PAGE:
[7] Engineering ToolBox, “Factors of Safety,” Engineering ToolBox, 2010. [Online]. Available: [Accessed: 02-Mar-2021].  


Meet the Team

Ty Ridings

Ty Ridings is a senior in the Mechanical Engineering department at Mines with plans to finish his undergraduate degree in December 2021. Ty intends to intern for a second term with an aerospace company this summer and plans to hire on fulltime with their mechanical engineering department upon graduating. Ty enjoys spending time with his wife and 4-year-old son, snowboarding, mountain biking, backpacking, and working on his parents ranch back home in southern Colorado.  

Janae Oden

I live by the motto “Ready Fire Aim”. If you spend to much time trying to get things right you’ll never get it done. Fail and recalculate. I am senior graduating in May 2021 with a BS in Mechanical Engineering and minor in Computer Science: Robotics and Intelligent Systems. I am an overall weirdo with a Nightmare Before Christmas obsession. I enjoy baking and doing crafts in my spare time.

Garett Brister

Garett is a graduating senior in Mechanical Engineering. He is an avid mountain biker and has enjoyed racing for the Mines club cycling team. His primary career interest lies in the aerospace industry, and after graduation he plans to continue his internship in the space industry before continuing to graduate school at CSM.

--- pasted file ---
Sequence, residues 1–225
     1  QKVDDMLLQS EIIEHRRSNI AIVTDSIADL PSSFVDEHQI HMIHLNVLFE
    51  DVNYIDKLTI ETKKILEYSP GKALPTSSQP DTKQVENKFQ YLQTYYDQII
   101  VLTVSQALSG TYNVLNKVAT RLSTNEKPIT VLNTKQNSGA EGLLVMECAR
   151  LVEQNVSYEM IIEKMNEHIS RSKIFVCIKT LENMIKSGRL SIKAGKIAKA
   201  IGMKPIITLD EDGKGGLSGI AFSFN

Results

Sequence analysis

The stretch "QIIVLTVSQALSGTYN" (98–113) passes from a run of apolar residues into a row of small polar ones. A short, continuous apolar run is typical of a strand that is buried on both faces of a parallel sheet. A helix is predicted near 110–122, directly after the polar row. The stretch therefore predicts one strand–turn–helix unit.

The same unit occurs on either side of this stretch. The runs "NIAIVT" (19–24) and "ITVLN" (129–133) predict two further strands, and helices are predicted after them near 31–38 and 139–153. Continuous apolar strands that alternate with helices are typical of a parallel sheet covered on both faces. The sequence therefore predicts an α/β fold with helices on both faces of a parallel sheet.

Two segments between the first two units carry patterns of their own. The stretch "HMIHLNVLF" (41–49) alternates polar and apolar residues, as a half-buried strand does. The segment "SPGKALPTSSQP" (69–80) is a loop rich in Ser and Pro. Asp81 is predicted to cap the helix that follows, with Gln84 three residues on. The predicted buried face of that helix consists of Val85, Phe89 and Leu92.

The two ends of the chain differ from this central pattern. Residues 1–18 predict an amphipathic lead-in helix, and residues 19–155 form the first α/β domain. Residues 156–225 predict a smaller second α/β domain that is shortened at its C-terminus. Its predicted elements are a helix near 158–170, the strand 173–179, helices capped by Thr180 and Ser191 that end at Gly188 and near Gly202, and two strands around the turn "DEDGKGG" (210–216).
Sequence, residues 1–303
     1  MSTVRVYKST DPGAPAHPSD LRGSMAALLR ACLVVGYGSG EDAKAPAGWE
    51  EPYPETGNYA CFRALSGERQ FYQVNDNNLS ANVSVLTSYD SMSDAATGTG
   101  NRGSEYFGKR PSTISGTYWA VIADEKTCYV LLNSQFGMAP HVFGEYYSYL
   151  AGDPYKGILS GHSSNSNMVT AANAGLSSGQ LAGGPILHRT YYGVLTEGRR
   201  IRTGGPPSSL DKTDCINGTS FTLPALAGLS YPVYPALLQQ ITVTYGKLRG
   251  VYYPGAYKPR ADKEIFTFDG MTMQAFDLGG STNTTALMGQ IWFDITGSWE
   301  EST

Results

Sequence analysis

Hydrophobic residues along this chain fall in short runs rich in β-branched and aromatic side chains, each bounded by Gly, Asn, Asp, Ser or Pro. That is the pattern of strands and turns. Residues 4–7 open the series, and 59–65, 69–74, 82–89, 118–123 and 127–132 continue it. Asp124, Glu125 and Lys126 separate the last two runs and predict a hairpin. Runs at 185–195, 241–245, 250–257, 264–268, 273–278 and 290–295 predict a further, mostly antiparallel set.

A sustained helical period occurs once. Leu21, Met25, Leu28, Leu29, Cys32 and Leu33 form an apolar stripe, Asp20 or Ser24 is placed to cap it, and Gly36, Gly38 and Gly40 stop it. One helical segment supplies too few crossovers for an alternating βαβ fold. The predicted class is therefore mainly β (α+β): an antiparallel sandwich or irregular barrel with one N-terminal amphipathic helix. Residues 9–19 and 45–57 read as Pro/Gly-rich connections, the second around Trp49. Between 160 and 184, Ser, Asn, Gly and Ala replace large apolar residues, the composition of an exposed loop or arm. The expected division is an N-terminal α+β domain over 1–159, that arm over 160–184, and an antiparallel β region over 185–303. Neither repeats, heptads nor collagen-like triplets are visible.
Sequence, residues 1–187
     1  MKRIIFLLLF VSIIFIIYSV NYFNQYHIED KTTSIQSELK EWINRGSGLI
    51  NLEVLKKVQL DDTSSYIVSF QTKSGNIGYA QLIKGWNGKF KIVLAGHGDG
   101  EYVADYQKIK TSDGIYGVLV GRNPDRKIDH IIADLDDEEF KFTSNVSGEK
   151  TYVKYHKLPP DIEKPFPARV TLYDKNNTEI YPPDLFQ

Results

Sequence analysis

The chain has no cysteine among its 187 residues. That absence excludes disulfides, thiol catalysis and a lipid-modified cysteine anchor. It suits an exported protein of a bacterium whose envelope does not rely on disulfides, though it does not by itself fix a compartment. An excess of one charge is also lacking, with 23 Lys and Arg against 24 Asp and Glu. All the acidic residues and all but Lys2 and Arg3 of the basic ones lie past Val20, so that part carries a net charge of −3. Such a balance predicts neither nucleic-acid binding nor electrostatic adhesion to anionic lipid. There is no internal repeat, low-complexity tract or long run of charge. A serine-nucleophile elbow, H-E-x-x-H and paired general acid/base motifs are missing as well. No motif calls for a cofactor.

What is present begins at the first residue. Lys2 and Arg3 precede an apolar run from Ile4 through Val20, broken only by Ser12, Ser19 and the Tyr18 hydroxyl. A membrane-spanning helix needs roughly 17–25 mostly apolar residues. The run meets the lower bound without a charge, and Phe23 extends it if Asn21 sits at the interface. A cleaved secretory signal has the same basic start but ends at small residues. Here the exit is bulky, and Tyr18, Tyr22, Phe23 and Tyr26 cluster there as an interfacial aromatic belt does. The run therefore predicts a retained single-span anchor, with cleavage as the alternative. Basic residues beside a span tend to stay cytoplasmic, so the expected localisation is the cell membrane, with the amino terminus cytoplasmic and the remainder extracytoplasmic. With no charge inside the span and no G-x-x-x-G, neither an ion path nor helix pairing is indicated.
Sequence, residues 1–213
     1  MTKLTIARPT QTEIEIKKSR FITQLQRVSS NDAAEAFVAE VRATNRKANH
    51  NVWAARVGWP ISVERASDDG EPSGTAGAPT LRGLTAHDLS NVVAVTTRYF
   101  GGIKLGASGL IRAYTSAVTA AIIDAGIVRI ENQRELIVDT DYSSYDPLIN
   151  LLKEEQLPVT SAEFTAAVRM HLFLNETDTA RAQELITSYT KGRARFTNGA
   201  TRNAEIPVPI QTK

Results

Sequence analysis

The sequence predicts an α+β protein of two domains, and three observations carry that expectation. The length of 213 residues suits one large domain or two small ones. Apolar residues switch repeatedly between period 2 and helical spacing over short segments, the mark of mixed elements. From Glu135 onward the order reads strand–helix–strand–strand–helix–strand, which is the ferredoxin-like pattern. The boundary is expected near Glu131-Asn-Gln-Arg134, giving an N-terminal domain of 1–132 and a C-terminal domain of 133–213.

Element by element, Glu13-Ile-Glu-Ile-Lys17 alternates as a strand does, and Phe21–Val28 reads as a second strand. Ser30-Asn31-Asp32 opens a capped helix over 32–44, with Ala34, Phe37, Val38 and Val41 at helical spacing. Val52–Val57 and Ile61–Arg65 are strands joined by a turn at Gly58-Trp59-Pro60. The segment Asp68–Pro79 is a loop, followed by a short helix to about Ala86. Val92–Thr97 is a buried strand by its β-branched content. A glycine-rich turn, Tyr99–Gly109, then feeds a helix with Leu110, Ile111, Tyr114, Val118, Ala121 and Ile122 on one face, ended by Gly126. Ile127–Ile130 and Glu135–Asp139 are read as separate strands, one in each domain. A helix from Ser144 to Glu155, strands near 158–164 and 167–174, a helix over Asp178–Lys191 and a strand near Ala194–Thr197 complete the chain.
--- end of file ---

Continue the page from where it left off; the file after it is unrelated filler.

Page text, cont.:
Elissa Himes

Elissa is a graduating senior in Mechanical Engineering with a minor in Robotics. After graduating, she plans to complete an internship in the aerospace industry before continuing her education at Mines with a master’s degree in Robotics. Elissa enjoys mountain biking and hiking in her free time.  

Nick Thompson

Nick is a senior in mechanical engineering with a minor in electrical engineering. He plans on returning to Mines in the Fall to complete a master’s degree in mechanical engineering, with an emphasis on solid mechanics and manufacturing. He enjoys skiing, hiking, and camping, among many other activities. 

Chris Wilson

Chris is a senior Mechanical Engineering student graduating in December 2021. His post-graduation goals include continuing to work at a local 4×4 van conversion shop, and eventually starting his own company doing the same thing. When not in class, Chris can be found climbing outside or skiing anywhere with good snow.